April 21, 2014

Looking Glass Game: Andy Dalton

With the news coming from PBS slowing down until the start of training camp, I thought it might be fun to playing an expectation game involving the young marquee players on the roster. The game is simple. Get out your looking glass and tell us how you think the current player will stack up against the best in the team’s history once his career is done. Will he be the best we have ever seen in a Bengals uniform at his position? Will he even crack the top 5?

In an attempt to help focus the looking glass a bit, I have listed the stats of the current guy and for the top 5 guys in franchise history at that position, both for their entire career and for when they were at the same point in their career. In the case of Andy Dalton, since starting as a rookie is so unusual, I used the first year as a full-time starter for the other five QBs.

Andy Dalton Rookie 16 9-7-0 300 516 58.1% 3398 20 13 212.4 80.4
Ken Anderson 1st Year 13 7-6-0 171 301 56.8% 1918 7 7 147.5 74.0
Career 172 91-81-0 2654 4475 59.3% 32,838 197 160 171.0 81.9
Boomer Esiason 1st Year 14 7-7-0 251 431 58.2% 3443 27 12 229.5 93.2
Career 173 80-93-0 2969 5205 57.0% 37,920 247 184 202.8 81.1
Carson Palmer Rookie 13 6-7-0 263 432 60.9% 2897 18 18 222.8 77.3
Career 106 50-56-0 2223 3545 62.7% 25,447 167 116 237.8 86.3
Jon Kitna 1st Year 15 8-7-0 270 495 54.5% 3,346 23 16 223.1 77.7
Career 124 50-74-0 2677 4442 60.3% 29,745 169 165 211.0 77.4
Jeff Blake 1st Year 16 7-9-0 326 567 57.5% 3822 28 17 238.9 82.1
Career 100 39-61-0 1827 3241 56.4% 21,711 134 99 180.9 78.0


#1: Ken Anderson. I took Kenny’s first year stats from 1972. When looking back to the 70′s and before, it always bears pointing out that the NFL was much more run-oriented back then. Comparing such different eras is difficult, but one simple thing will easily put Dalton above Anderson this list: a SuperBowl win.

#2: Boomer Esiason. I used Boomer’s stats from 1985. Maybe it’s just me, but I see similarities between Dalton and Esiason, and I think those similarities will continue to grow as Dalton becomes more comfortable and confident at his position, demanding and inspiring excellence from the players around him.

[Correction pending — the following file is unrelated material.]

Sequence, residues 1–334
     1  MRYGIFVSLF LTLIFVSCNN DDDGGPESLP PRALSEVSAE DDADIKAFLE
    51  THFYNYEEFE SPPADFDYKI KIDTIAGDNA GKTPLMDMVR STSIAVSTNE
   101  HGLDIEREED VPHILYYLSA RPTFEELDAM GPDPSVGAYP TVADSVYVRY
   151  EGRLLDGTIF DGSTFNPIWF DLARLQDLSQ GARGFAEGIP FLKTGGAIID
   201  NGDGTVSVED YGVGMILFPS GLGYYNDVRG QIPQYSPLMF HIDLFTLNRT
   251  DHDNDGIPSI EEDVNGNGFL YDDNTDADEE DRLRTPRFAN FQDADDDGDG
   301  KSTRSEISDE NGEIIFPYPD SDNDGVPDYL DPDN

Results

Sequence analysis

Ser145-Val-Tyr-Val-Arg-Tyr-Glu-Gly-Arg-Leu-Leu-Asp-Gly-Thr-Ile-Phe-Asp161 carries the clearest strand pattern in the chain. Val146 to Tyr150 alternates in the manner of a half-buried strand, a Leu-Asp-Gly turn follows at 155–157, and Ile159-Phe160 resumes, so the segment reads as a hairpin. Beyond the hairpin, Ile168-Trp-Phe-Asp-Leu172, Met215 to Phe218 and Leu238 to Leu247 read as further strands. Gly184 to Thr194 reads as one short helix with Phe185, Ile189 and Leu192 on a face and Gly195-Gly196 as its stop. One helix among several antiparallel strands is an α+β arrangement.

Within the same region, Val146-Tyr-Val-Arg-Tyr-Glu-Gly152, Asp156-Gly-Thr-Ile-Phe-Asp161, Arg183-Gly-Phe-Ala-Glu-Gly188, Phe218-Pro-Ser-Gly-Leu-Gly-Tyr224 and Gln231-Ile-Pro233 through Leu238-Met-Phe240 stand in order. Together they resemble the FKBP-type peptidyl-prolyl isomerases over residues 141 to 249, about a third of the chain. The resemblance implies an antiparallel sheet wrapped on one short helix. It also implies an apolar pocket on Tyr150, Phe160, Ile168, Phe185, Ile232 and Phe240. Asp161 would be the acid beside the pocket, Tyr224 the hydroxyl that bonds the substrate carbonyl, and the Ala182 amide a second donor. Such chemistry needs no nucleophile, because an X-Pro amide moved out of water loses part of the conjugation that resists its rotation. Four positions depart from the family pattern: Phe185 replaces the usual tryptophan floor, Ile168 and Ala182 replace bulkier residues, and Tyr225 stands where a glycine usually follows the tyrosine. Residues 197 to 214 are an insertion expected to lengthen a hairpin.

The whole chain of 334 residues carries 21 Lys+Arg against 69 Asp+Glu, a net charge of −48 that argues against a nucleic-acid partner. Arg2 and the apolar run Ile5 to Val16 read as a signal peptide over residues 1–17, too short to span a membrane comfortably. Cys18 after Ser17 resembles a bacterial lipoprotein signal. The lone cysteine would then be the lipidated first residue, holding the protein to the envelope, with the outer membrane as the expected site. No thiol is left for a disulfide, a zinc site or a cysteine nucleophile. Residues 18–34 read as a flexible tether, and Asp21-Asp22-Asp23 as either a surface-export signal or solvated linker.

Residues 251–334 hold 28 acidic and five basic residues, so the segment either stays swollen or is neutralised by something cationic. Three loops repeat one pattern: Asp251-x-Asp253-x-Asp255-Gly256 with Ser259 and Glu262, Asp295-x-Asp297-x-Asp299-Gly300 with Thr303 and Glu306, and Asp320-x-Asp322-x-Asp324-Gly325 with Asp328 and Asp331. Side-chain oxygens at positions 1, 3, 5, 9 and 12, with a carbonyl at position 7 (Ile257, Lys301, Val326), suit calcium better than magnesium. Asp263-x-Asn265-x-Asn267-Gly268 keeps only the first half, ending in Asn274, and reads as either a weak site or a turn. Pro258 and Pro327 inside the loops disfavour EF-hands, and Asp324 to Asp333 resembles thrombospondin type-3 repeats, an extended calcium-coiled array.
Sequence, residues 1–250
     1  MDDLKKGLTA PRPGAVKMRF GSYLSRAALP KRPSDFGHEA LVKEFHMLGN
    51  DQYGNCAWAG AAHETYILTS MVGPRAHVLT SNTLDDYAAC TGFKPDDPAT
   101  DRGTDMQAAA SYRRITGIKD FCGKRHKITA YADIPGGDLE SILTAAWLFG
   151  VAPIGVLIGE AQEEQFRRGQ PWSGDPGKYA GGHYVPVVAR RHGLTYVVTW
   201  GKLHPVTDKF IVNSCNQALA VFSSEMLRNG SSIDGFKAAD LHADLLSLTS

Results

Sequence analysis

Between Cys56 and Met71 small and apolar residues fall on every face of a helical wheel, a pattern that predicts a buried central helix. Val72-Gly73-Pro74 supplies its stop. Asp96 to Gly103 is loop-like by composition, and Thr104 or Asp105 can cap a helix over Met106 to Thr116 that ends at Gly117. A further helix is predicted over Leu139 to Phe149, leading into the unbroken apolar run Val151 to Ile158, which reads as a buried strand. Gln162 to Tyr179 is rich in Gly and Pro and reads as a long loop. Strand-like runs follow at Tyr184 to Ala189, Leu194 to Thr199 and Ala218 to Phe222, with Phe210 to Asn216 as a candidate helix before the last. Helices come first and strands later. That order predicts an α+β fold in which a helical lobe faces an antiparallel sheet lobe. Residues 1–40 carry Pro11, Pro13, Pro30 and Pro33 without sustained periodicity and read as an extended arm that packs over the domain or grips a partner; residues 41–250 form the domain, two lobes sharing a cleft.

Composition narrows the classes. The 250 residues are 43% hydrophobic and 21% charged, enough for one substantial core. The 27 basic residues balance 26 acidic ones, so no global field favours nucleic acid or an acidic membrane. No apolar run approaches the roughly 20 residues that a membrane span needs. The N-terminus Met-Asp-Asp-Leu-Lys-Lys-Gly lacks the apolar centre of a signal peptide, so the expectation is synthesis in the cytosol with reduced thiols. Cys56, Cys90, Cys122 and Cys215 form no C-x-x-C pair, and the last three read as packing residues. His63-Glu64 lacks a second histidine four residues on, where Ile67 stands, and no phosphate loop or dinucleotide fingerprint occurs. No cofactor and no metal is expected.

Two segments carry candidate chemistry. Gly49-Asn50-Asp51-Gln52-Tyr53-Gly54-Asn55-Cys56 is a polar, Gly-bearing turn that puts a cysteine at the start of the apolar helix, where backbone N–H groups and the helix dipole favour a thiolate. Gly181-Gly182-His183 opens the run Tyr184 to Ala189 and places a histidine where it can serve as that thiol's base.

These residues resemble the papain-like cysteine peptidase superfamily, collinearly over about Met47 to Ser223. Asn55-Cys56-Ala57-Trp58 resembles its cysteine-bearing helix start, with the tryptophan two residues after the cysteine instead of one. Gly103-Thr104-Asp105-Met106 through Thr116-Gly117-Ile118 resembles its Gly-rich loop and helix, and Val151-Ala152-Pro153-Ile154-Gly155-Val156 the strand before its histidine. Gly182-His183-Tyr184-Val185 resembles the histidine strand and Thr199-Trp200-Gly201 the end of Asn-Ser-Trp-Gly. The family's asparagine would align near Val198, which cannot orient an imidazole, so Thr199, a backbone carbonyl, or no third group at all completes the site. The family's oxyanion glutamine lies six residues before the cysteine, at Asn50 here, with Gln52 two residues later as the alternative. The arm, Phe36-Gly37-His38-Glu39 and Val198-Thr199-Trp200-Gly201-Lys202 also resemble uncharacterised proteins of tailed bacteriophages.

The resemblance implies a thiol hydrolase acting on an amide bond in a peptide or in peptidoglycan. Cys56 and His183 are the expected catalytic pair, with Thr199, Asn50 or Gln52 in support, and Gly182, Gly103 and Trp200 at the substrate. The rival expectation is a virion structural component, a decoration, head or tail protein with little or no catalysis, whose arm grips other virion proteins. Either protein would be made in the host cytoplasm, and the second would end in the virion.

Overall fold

#3: Carson Palmer. By coming here, Carson revived a fan base that had been beaten nearly lifeless under Mike Brown’s hapless leadership. But his legacy in Cincinnati is still being written because by leaving, he gave us Dre Kirkpatrick and a player to be chosen in April 2013. If Palmer lasts as long as the other guys on this list, he will undoubtedly have the best stats of them all. But in spite of the numbers, will he ever find postseason success?

#4: Jon Kitna. I used Kitna’s numbers from 1999, although it was his third year in the league. Kitna was never an elite QB by any means, leaving fans jealous of the gunslingers of the league. But it is easy to forget that he really was pretty good, carving out a nice career over 15 seasons in the league.

#5: Jeff Blake. I used Blake’s numbers from 1995, also his third year in the league. Blake had good years in 1995 and 1996, but his production began to slide in 1997 and never recovered.

Now it is your turn. Vote, and leave a comment on why you voted the way you did.


  1. John says:

    The sad part is, KA threw about 7 less passes a game than Palmer, over his career it would have meant about 8K more yards and about 50 or so more TD’s. One of my most prized possessions is his autograph, which I got in 1981 training camp at Wilmington College.


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